Take the 2-minute tour ×
Stack Overflow is a question and answer site for professional and enthusiast programmers. It's 100% free, no registration required.

I realize this is a basic question but I cannot get this to work. I have the following tuple:

t = (('apple', 'banana'), ('apple', 'carrot'), ('banana', 'carrot'))

I want the first item within every tuple in t to be unique, and to merge the second item of every duplicate together into a dictionary.

t = {('apple': 'banana', 'carrot'), ('banana': 'carrot')}

Not surprisingly, this doesn't work:

t = dict(zip(set(t[0]),t[1]))

This is the result:

{'apple': 'apple', 'banana': 'carrot'}
share|improve this question
Are you sure you really need nested tuple instead of dictionary here? –  Rohit Jain Feb 16 '13 at 22:04
I suppose dictionary would be preferable, you're right –  user1185790 Feb 16 '13 at 22:08
add comment

3 Answers

up vote 2 down vote accepted

I think, you should use a dict here (or rather a defaultdict). Where key of the dict would be the first element of your inner tuples - tup[0].

This is what you want:

>>> t = (('apple', 'banana'), ('apple', 'carrot'), ('banana', 'carrot'))
>>> from collections import defaultdict
>>> temp_dict = defaultdict(tuple)
>>> for tup in t:
        temp_dict[tup[0]] += tup[1:]  

>>> temp_dict
defaultdict(<type 'tuple'>, {'apple': ('banana', 'carrot'), 'banana': ('carrot',)})

>>> {key:value for key, value in temp_dict.items()}
{'apple': ('banana', 'carrot'), 'banana': ('carrot',)}
share|improve this answer
defaultdict - good to know. Rohit for the win! –  user1185790 Feb 16 '13 at 22:26
@user1185790. :) –  Rohit Jain Feb 16 '13 at 22:27
add comment

Here is a complete solution (Edit: Now Python 3 compatible):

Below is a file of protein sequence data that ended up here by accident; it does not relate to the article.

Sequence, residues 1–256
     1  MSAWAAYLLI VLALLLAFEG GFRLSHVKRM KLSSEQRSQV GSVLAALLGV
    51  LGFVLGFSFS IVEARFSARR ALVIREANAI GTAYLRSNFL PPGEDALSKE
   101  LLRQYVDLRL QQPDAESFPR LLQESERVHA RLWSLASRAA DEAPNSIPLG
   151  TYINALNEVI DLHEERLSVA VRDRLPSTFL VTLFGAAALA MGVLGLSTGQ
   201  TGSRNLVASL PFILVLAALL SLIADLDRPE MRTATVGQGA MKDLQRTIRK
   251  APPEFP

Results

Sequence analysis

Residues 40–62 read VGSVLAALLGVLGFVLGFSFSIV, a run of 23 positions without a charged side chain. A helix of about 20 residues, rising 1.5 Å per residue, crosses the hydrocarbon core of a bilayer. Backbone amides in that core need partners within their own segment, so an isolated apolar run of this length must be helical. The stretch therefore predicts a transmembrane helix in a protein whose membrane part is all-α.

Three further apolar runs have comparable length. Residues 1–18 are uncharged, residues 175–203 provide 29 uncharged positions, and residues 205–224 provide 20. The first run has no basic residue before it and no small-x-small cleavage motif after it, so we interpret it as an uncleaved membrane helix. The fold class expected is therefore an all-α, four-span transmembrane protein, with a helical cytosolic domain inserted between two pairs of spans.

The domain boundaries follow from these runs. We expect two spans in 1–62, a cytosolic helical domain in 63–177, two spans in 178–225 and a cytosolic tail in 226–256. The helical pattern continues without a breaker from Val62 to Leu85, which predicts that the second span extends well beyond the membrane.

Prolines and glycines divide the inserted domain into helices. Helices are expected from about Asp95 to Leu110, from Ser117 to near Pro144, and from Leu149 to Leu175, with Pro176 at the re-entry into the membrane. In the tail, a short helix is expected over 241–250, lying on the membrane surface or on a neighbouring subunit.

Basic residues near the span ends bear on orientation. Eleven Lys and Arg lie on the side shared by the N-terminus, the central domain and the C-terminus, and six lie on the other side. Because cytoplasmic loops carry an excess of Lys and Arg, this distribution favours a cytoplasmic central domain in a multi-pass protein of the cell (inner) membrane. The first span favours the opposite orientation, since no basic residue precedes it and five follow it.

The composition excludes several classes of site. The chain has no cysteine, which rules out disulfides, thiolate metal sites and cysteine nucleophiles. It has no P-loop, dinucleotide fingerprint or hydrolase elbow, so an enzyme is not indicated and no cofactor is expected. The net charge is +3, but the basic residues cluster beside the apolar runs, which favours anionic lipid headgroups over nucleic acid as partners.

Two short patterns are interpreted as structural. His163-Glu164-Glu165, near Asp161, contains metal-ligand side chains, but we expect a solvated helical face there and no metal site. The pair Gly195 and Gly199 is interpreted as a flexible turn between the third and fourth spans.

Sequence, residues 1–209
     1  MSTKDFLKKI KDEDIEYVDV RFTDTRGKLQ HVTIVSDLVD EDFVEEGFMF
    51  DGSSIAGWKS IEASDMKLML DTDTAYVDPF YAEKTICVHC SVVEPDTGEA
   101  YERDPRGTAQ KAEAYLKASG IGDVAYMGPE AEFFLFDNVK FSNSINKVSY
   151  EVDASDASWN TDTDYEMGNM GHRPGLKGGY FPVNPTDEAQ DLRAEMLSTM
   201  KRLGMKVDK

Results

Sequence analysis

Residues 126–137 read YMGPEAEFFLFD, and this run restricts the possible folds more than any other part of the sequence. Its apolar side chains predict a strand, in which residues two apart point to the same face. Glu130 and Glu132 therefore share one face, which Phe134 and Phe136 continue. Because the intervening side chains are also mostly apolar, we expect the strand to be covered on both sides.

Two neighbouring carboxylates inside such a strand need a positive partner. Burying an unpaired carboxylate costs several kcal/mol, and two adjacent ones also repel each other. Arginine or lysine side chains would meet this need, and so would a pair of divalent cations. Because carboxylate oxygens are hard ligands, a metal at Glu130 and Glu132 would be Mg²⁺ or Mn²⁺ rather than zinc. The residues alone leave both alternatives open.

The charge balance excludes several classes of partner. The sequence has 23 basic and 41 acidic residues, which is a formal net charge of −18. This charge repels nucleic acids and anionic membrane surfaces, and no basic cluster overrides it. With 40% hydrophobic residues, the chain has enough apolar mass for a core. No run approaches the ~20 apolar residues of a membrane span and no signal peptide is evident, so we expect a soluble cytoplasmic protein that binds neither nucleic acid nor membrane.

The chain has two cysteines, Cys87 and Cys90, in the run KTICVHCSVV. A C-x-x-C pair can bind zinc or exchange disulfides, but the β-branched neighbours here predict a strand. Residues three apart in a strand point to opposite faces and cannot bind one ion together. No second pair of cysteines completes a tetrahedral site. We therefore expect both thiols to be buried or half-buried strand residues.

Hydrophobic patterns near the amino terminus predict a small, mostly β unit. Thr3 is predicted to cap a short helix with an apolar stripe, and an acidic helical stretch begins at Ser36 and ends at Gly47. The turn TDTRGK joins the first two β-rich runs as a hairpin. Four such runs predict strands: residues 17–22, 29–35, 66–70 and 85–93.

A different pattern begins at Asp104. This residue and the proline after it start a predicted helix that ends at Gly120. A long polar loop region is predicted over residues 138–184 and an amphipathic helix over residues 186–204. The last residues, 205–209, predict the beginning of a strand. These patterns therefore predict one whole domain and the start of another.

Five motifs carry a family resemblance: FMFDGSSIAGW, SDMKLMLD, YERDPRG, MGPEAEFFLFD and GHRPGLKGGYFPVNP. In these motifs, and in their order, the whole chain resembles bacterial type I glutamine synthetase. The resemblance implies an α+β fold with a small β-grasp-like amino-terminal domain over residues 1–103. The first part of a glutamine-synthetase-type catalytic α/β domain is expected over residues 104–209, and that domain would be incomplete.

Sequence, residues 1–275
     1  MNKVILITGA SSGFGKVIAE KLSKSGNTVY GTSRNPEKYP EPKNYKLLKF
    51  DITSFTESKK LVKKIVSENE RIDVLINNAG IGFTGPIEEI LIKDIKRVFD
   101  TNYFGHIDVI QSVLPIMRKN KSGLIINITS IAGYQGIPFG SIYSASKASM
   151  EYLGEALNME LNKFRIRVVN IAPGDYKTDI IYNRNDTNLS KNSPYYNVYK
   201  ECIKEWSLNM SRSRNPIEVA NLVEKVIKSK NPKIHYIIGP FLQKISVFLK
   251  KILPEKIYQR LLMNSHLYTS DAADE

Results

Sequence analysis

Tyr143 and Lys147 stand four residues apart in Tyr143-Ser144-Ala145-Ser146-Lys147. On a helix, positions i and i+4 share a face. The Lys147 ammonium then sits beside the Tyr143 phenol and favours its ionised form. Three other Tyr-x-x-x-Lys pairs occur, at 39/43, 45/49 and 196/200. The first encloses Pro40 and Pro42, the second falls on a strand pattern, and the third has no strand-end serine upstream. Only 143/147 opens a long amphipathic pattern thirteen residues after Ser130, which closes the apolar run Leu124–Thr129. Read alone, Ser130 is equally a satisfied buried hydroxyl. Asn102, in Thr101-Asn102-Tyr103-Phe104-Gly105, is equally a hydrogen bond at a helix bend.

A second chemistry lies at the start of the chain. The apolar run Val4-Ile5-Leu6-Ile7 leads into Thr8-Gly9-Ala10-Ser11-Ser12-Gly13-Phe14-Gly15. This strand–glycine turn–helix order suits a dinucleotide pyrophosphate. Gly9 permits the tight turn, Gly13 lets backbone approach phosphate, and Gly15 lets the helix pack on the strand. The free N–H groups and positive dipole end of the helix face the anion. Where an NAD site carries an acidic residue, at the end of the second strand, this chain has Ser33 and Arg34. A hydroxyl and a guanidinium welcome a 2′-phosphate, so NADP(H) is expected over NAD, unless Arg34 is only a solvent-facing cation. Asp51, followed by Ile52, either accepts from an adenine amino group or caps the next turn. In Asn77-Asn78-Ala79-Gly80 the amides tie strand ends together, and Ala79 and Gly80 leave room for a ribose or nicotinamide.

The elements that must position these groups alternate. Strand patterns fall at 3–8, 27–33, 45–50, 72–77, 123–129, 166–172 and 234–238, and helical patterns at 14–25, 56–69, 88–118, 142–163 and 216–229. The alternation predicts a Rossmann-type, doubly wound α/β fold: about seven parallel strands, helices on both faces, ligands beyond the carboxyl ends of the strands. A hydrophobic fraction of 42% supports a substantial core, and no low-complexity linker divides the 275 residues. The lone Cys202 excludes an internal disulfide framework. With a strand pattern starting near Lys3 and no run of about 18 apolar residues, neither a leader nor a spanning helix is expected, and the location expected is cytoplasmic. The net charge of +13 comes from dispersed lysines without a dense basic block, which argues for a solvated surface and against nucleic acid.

import functools
t = (('apple', 'banana'), ('apple', 'carrot'), ('banana', 'carrot'))

def insert(d,k,v):
        d[k] = (v,) if k not in d else d[k]+(v,)
        return d

z = functools.reduce(lambda d,ti: insert(d,*ti),t,{})

def flat(tpl):
        return sum([(x,) if not isinstance(x,tuple) else x for x in tpl],())

result = [flat(x) for x in z.items()]

Yields :

[('apple', 'banana', 'carrot'), ('banana', 'carrot')]

share|improve this answer
Based on Rohit's recommendation, I feel that a dictionary would be preferable. This solution worked, but I guess a tuple is not what I'm looking for. Thanks Cris! –  user1185790 Feb 16 '13 at 22:28
You are welcome. –  Cris Stringfellow Feb 16 '13 at 22:29
Note that anonymous tuple arguments (like your (k,v) in insert) are no longer allowed in Python 3. You'll either need to use two separate arguments k and v or match a single name for the combined tuple, then unpack manually. Also, you can simplify the else case to d[k]+(v,) (no need to use a list for concatenating). –  Blckknght Feb 16 '13 at 22:30
re P3 I know!!! Thanks for those pointers, I will update. –  Cris Stringfellow Feb 16 '13 at 22:30
add comment

the setdefault method of dicts come in handy for cases like this:

t = (('apple', 'banana'), ('apple', 'carrot'), ('banana', 'carrot'))
d = {}
[d.setdefault(k,[]).append(v) for k,v in t]
share|improve this answer
awesome tight little code –  Cris Stringfellow Feb 16 '13 at 22:37
add comment

Your Answer


By posting your answer, you agree to the privacy policy and terms of service.

Not the answer you're looking for? Browse other questions tagged or ask your own question.